i About the BioLogos Forum

The BioLogos Forum is designed to foster a serious and comprehensive discussion of Christian faith and the sciences. We believe that charitable engagement of different perspectives within the Church helps sharpen our thinking and deepen our commitment to the truth that is hidden in Christ. So while many of the articles and videos under the distinctive Forum banner come from BioLogos staff and Senior Fellows, we feature a range of voices, including those that disagree with us and with each other. Unless otherwise noted, views expressed are those of the authors, not necessarily of The BioLogos Foundation. You can read more about what we believe here, and join the conversation in the comments section at the end of each post.

Reflections on Reading Genesis 1-3: John Walton’s World Tour, Part 1

Reflections on Reading Genesis 1-3: John Walton’s World Tour

Old Testament scholar and BioLogos ECF grantee John H. Walton spent the first seven months of 2013 traveling around the United States and fifteen other countries lecturing on Genesis 1 - 3. In this series, we feature John’s reflections on his world tour and the insights he gained from his conversations.

Favorites

Reflections on Reading Genesis 1-3: John Walton’s World Tour, Part 1

Reflections on Reading Genesis 1-3: John Walton’s World Tour, Part 1

We should not think of Genesis 1-2 as communicated to Adam and Eve, but rather imagine a scenario more like Moses communicating to the Israelites in the wilderness (hypothetically, realizing that the book makes no such claims). This shift in our perspective is extremely important. Expanding on that idea, we can imagine not only a setting (Moses communicating to Israelites), we can imagine an event.
September 16, 2013 
John Walton 
Biblical Interpretation, Evolution & Christian Faith project 
4
 
Reflections on Reading Genesis 1-3: John Walton’s World Tour, Part 2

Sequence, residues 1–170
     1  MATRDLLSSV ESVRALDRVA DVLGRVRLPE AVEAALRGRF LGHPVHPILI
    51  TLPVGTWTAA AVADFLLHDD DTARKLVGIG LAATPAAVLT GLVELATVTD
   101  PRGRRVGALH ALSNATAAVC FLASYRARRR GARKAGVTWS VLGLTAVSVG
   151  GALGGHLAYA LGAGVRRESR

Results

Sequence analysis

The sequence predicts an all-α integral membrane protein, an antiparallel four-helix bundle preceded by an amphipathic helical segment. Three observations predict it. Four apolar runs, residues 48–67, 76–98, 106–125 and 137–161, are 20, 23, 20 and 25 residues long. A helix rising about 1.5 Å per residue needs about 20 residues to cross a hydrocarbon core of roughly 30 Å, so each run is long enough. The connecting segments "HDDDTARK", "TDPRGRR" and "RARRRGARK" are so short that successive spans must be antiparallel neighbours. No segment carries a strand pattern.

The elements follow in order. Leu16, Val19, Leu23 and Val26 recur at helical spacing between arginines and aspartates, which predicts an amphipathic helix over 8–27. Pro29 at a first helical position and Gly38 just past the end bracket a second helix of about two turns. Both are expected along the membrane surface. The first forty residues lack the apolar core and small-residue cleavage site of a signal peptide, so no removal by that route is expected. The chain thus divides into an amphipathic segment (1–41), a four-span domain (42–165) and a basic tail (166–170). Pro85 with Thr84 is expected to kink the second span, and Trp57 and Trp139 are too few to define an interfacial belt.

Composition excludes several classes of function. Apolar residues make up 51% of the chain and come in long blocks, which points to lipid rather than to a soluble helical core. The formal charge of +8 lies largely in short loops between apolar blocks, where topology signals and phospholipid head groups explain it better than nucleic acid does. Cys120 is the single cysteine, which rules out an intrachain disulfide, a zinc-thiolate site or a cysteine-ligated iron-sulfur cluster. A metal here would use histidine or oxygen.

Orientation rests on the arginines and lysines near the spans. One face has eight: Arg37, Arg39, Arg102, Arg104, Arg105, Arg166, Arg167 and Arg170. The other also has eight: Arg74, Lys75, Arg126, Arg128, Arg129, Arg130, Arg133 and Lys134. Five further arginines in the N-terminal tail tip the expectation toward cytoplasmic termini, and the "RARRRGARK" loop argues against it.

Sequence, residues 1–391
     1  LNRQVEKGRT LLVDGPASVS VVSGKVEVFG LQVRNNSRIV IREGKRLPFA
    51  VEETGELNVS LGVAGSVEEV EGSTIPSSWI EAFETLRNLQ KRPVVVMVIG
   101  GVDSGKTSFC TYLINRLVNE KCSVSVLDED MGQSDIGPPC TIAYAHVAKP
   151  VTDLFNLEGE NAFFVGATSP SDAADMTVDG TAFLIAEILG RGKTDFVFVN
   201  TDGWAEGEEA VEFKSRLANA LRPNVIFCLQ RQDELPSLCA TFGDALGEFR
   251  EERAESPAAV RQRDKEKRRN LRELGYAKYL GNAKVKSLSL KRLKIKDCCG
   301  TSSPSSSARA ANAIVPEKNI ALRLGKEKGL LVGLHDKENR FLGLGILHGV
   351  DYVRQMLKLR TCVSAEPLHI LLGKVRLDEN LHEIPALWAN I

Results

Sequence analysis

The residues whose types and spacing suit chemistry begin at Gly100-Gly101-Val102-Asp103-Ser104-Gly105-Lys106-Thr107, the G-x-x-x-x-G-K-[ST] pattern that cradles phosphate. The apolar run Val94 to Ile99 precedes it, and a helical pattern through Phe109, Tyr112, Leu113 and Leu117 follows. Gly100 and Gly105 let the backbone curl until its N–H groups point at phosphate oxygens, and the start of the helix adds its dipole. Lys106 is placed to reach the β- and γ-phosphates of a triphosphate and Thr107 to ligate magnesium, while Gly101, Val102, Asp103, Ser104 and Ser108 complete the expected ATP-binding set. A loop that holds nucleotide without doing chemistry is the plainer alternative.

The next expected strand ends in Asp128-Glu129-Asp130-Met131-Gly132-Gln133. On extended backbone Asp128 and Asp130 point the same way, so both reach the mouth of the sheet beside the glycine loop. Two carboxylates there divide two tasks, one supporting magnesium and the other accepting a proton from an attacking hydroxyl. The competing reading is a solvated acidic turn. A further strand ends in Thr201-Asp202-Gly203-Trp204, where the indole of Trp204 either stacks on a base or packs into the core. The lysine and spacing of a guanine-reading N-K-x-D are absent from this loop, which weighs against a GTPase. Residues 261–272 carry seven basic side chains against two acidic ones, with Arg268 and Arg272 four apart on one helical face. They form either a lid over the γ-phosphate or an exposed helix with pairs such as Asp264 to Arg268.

Reflections on Reading Genesis 1-3: John Walton’s World Tour, Part 2

Rather than re-reading the Bible scientifically or ideologically, we need to allow the Bible to be what it is—not a book of instruction about current issues telling us what to do to fix the world. It is God’s revelation of himself, and he is the one who is fixing the world. We are responsible for taking the knowledge of God that the Bible gives us and applying (not re-reading) it to the situations that we face in a fallen world.
September 17, 2013 
John Walton 
Biblical Interpretation, Evolution & Christian Faith project 
3
 
Reflections on Reading Genesis 1-3: John Walton’s World Tour, Part 3

Reflections on Reading Genesis 1-3: John Walton’s World Tour, Part 3

When we talk about the Amish, there is a whole array of cultural understandings (and perhaps misunderstandings) that we assume with the use of the word. This is an example of the interdependence of language and cultural understandings. One could not just translate “Amish” and expect a foreign audience to therefore understand—culture also needs to be “translated” (explained). Many examples of this same kind of thing in the Bible show us that we have to connect with the text as an ancient, culturally embedded document.
September 18, 2013 
John Walton 
Biblical Interpretation, Evolution & Christian Faith project 
5